Mannell History, Family Crest & Coats of Arms
- Origins Available:
The name Mannell was carried to England in the enormous movement of people that followed the Norman Conquest of 1066. The Mannell family lived in De Grente-mesnil, from Grente-mesnil (now Grandmesnil) in the arrondissement of Lisieux, Normandy.
"Hugh de Grente-mesnil, a brave Souidler," fought stoutly at Hastings, and "was that day in great peril: his horse ran away with him, so that he was near falling, for in leaping over a bush the bridle rein broke, and the horse plunged forward. The English seeing him ran to meet him with their hatchets raised, but the horse took fright, and turning quickly round brought him safe back again." 
"Two years after the battle he was appointed, with Odo, Bishop of Bayeux, William Fitz Osbern, and others, one of the Justiciary of England during the King's absence in Normandy. He was Viscount of Leicestershire and Hampshire, and according to Domesday, held one hundred and four Lordships, of which two-thirds, with the Honour of Hinckley-in right whereof he was Lord High Steward of England-were in Leicestershire. He lived to be a very old man, and in 1094, 'being grown aged and infirm, he took upon him the habit of a Monk; and within six days afterwards departed this life, whereupon Bernard and David, two Monks of St. Ebrulfe's ' (a Norman monastery he had restored and endowed), 'having seasoned his Corps with Salt, and wrapped it in an Hide, conveyed it to Normandy, where it was honourably buried on the South side of their Chapter-house.' " 
Early Origins of the Mannell family
The surname Mannell was first found in Derbyshire during the reign of Henry II where "one of the most ancient possessions was Langley-Maynell, in that county, an estate which remained in the family till the end of the fourteenth century. A younger son at this period was seated at Yeaveley, his grandson at Willington." 
Confirming this early origin, another source notes: "The manor took its name of Meynell from an ancient family who possessed it so early as the reign of Edward III. and from whom it passed, by successive female heirs." 
But in 1669, Isaac Meynell, citizen of London bought the manor back from William Cavendish, Duke of Newcastle, only to have his only daughter and heiress convey the lands to the Cecils who again sold the lands back to another branch of the family of Meynell. By far the strongest branch of the family was found later in Staffordshire at Hore-Cross. 
The parish of Sowerby in the North Riding of Yorkshire was home to yet another branch of the family. "This place, at an early period, was the property of the Lascelles family, who in the reign of Elizabeth granted it to the Meynells, whose descendant Thomas Meynell, Esq., is now lord of the manor."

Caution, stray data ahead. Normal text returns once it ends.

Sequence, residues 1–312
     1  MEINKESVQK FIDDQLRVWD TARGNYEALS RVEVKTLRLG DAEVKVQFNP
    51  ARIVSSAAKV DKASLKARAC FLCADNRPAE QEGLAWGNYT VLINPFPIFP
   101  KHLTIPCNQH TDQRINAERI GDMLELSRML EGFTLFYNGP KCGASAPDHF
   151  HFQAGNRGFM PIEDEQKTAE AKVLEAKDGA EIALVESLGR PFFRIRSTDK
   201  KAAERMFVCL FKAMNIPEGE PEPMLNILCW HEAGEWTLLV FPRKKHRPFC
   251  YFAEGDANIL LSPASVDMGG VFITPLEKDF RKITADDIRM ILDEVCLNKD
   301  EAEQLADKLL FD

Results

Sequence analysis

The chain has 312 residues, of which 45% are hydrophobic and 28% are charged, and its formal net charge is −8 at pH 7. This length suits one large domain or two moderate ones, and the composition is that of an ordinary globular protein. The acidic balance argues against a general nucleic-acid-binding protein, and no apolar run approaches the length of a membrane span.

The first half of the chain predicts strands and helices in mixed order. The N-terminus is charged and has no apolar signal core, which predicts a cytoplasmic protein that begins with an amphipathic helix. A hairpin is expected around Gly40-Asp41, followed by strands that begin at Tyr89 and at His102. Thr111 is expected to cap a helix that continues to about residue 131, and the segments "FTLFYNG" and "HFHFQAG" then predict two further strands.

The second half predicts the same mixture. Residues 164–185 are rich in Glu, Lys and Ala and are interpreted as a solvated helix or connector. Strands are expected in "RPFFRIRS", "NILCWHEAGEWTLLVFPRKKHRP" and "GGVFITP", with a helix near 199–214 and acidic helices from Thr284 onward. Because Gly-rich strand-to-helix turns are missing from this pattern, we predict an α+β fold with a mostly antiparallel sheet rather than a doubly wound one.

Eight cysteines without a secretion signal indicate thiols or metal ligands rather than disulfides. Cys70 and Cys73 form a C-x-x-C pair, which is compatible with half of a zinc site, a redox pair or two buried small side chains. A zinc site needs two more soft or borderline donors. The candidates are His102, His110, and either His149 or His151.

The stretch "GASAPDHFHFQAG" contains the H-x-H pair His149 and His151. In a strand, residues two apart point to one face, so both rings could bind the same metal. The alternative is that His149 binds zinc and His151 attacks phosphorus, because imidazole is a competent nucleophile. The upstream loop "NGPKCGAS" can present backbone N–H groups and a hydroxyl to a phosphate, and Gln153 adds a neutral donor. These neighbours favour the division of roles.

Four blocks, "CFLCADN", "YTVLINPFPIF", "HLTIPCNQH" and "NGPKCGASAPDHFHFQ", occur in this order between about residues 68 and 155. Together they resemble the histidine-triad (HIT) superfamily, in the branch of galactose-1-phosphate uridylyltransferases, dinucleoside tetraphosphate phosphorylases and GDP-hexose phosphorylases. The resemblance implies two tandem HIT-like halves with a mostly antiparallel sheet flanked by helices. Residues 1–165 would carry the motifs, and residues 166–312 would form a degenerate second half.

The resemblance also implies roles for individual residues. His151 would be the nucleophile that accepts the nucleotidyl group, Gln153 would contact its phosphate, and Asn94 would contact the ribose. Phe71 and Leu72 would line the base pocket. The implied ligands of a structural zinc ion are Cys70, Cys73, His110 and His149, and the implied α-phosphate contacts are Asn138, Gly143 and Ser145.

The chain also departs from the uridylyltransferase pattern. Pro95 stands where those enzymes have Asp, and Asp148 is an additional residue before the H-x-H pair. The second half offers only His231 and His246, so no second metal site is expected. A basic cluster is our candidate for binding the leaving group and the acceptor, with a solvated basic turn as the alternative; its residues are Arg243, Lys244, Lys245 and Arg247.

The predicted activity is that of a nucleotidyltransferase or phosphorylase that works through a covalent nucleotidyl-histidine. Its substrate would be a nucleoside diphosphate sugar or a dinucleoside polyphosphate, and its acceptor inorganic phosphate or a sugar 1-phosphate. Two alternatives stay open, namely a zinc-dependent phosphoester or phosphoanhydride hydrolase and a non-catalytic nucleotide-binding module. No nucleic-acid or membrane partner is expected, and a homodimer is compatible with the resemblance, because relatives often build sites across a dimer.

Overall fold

Early History of the Mannell family
This web page shows only a small excerpt of our Mannell research. Another 299 words (21 lines of text) covering the years 1295, 1322 and 1336 are included under the topic Early Mannell History in all our PDF Extended History products and printed products wherever possible.
Mannell Spelling Variations
Endless spelling variations are a prevailing characteristic of Norman surnames. Old and Middle English lacked any definite spelling rules, and the introduction of Norman French added an unfamiliar ingredient to the English linguistic stew. French and Latin, the languages of the court, also influenced spellings. Finally, Medieval scribes generally spelled words according to how they sounded, so one person was often referred to by different spellings in different documents. The name has been spelled Meynell, Meynill, Meynil, Menel, Mannell, Maynell, Maynall and many more.
Early Notables of the Mannell family (pre 1700)
More information is included under the topic Early Mannell Notables in all our PDF Extended History products and printed products wherever possible.
Mannell migration to the United States +
To escape the political and religious persecution within England at the time, many English families left for the various British colonies abroad. The voyage was extremely difficult, though, and the cramped, dank ships caused many to arrive in the New World diseased and starving. But for those who made it, the trip was most often worth it. Many of the families who arrived went on to make valuable contributions to the emerging nations of Canada and the United States. An inquiry into the early roots of North American families reveals a number of immigrants bearing the name Mannell or a variant listed above: